[A2k] Sign Petition: A new course for The Pan African Intellectual Property Organization is needed

ahmed abdel abdelatif at yahoo.com
Wed Oct 24 12:55:12 PDT 2012

Dear all,

In 2006, a meeting of African Ministers responsible for Science and 
Technology mooted the idea of establishing a Pan-African Intellectual 
Property Organization (PAIPO). Since then, nothing much has been 
publicly discussed about the nature and functions of this
 organization until the 'final' draft of a PAIPO statute surfaced 
recently for adoption at the forthcoming 5th African Union Ministerial 
Conference on Science & Technology (AMCOST V) meeting Nov 12 - 16 
2012 in Congo (Brazzaville).

The draft statute as it currently stands gives PAIPO significant powers 
in regulating IP in Africa. However, it also advances a narrow view of 
IP as an "end in itself" which does not take on board many of the 
critical public policy objectives in the areas of
 innovation, access to knowledge and access to medicines
that African countries 
have played a key role in pushing forward at the international level. 
The petition (below) calls upon African countries and the African Union to
 delay the establishment of PAIPO in order to
 allow for wider consultations on the nature and scope of this 
organization. Most important, the petition calls for
 recalibrating PAIPO's objectives and mandates so they are in line with Africa's development needs and priorities."

Please support and sign the petition at:

Ahmed Abdel Latif 


A new course for The Pan African Intellectual Property Organization is urgently needed


The 5th African Union Ministerial Conference on Science & 
Technology (AMCOST V) meeting Nov 12 - 16 2012 in Congo (Brazzaville) is
 expected to adopt the ‘final’ draft statute of a new Pan African 
Intellectual Property Organization (PAIPO). 

However, the draft statute as it currently stands raises many 
concerns both procedurally and substantively. The draft PAIPO statute is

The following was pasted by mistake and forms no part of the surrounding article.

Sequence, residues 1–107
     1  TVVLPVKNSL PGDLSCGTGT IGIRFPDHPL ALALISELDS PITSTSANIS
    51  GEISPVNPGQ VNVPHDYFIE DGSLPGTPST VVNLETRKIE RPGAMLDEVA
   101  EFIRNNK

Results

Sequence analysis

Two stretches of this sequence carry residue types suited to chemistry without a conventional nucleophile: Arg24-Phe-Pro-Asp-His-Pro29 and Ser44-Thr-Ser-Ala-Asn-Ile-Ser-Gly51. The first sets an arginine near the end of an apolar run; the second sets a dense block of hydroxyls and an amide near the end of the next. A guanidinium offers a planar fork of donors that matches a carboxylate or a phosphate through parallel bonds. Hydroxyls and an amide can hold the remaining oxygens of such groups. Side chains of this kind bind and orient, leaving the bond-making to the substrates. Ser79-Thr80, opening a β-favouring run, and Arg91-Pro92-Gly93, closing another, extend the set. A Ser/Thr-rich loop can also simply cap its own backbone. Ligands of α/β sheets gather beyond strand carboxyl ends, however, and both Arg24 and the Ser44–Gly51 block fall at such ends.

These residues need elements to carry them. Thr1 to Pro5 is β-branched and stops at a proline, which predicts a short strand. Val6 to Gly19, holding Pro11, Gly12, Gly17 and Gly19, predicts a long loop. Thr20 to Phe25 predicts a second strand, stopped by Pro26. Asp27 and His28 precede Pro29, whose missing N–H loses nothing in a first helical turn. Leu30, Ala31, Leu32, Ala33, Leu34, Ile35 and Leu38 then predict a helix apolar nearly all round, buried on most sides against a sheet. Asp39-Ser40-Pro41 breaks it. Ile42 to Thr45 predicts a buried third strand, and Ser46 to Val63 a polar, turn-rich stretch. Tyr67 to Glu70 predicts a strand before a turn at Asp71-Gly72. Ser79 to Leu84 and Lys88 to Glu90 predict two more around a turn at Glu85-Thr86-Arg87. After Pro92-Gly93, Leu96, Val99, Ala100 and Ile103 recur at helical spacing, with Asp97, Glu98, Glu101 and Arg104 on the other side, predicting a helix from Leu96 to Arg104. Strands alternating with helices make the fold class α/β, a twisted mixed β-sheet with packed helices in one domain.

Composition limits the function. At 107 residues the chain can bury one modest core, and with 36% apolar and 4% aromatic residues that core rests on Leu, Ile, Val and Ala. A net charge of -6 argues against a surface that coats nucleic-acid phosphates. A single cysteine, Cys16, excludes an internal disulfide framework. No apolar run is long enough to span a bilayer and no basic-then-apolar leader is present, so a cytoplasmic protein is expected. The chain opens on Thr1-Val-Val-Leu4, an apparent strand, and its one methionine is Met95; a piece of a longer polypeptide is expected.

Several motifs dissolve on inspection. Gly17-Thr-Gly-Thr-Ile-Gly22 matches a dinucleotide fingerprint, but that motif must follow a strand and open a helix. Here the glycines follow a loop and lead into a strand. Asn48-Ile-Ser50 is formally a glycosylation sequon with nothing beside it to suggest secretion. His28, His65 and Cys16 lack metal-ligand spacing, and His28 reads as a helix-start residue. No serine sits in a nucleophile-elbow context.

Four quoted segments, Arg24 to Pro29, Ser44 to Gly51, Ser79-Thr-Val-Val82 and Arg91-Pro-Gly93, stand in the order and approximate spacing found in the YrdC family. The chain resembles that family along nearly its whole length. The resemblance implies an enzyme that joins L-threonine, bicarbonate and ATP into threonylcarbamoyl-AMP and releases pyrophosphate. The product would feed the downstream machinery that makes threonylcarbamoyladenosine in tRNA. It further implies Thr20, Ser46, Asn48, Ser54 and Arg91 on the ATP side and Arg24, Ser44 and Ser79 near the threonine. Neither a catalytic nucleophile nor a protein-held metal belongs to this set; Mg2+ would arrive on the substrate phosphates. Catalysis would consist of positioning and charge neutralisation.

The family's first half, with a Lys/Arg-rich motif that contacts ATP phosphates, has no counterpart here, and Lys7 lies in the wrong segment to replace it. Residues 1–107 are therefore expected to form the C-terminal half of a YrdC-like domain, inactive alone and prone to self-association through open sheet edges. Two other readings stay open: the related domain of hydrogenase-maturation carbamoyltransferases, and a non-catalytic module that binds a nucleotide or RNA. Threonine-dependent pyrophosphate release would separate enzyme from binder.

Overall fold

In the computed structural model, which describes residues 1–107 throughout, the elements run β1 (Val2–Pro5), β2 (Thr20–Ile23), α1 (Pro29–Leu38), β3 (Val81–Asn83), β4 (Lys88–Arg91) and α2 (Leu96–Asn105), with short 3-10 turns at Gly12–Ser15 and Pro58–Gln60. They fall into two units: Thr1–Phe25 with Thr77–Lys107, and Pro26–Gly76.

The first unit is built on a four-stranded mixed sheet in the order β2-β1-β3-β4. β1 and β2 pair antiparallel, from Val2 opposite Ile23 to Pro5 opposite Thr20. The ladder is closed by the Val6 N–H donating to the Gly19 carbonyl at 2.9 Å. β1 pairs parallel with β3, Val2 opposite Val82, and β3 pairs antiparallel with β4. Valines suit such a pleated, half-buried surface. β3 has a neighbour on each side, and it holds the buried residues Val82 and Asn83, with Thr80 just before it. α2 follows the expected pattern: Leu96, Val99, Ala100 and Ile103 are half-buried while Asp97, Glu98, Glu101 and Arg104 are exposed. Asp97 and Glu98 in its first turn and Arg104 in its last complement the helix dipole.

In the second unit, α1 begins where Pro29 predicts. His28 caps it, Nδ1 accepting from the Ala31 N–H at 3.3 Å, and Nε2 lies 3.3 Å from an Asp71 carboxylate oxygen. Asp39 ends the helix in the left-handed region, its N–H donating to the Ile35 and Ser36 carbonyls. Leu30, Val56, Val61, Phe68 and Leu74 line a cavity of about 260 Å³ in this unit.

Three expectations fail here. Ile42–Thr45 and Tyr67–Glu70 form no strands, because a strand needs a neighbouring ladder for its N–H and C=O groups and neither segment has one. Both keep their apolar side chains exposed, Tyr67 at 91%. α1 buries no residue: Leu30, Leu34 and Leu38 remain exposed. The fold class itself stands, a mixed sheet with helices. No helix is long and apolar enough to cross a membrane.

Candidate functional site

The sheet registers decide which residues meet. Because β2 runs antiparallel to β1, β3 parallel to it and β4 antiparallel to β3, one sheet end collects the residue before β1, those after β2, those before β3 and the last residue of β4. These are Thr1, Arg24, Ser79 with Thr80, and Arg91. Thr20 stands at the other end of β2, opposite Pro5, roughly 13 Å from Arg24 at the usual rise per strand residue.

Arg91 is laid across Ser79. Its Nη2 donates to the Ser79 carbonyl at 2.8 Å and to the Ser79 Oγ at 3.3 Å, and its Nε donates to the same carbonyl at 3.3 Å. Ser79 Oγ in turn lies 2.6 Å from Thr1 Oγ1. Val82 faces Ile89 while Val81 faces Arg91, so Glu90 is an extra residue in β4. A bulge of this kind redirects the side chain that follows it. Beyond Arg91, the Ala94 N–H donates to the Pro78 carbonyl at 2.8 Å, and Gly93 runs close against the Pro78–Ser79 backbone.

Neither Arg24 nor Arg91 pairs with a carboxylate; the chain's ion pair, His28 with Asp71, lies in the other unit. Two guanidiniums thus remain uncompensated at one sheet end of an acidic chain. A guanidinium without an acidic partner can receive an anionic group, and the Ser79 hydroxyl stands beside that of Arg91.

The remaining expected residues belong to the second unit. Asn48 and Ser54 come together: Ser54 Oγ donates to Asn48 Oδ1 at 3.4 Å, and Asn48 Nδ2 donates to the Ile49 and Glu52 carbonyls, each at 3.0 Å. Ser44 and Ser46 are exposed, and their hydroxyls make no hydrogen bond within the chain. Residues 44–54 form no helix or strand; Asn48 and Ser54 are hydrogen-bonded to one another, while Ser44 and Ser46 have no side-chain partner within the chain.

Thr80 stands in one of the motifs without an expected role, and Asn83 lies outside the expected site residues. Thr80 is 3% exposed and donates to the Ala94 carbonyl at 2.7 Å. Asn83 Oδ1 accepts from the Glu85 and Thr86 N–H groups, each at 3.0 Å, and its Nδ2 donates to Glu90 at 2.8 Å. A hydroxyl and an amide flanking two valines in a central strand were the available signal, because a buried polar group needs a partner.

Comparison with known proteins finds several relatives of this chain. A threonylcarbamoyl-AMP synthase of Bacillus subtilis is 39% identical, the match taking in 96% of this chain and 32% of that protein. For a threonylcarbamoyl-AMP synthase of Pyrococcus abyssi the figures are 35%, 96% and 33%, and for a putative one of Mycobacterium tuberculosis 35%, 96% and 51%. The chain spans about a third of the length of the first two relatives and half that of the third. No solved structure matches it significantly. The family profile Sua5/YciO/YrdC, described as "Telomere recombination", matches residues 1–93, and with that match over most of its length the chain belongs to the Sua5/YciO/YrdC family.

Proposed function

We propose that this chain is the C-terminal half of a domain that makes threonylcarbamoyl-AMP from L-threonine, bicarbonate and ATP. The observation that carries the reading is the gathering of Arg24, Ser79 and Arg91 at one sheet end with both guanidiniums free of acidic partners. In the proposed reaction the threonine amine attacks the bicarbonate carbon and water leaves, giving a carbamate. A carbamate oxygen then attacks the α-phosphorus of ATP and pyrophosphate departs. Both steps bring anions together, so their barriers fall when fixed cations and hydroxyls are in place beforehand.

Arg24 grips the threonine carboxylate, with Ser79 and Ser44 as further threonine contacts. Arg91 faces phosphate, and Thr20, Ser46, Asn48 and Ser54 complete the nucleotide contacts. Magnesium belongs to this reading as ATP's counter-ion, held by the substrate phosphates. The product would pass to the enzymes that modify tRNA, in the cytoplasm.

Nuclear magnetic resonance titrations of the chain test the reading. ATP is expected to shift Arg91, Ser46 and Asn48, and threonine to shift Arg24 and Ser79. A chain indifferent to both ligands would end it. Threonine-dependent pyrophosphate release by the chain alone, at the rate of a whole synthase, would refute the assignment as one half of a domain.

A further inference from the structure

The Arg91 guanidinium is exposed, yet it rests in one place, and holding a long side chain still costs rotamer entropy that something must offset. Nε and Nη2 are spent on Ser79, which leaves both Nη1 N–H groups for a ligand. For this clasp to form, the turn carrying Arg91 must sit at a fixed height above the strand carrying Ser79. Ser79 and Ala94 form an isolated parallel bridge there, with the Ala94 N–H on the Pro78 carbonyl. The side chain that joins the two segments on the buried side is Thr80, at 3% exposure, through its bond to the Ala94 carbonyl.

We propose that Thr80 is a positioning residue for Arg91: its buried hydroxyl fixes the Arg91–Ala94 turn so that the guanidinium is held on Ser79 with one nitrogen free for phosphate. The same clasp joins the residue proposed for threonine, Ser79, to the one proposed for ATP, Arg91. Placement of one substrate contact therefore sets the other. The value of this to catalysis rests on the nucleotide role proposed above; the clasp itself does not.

the result of a non- transparent process without open consultations 
with relevant stakeholders including civil society.
 No drafts of the statute have previously been issued let alone publicly
 discussed. More importantly, the draft statute reflects a narrow vision
 of intellectual property that runs contrary to the aspirations of 
Africans to devise more balanced intellectual
 property regimes that effectively promote innovation while also being 
supportive of public policy objectives in areas such as public health 
and access to knowledge. In this regard, the draft PAIPO statute 
undercuts efforts carried out by African countries
 to advance such aspirations at the World Trade Organization (WTO) and 
at the World Intellectual Property Organization (WIPO), and which have 
resulted in important milestones such as the Doha Declaration on TRIPS 
and Public Health (2001) and the WIPO Development
 Agenda (2007). 

Through this petition, we call upon African countries and the African Union Secretariat to take urgent action in order to:

a) Defer the consideration of the draft statute that would lead to the creation of PAIPO.

b) Use the November meeting to start an open and inclusive 
consultative process on the nature, scope and objectives of this new 
body. Moreover, the consultations should be structured to enable various
 stakeholders, civil society in particular, to contribute
 to the discussions with a view towards revising the current draft 
statute and making any resultant IP organization in tune with Africa's 
development goals and the positions taken by the African countries at 
the multilateral level.

Below, we further elaborate on the reasons for the need to reconsider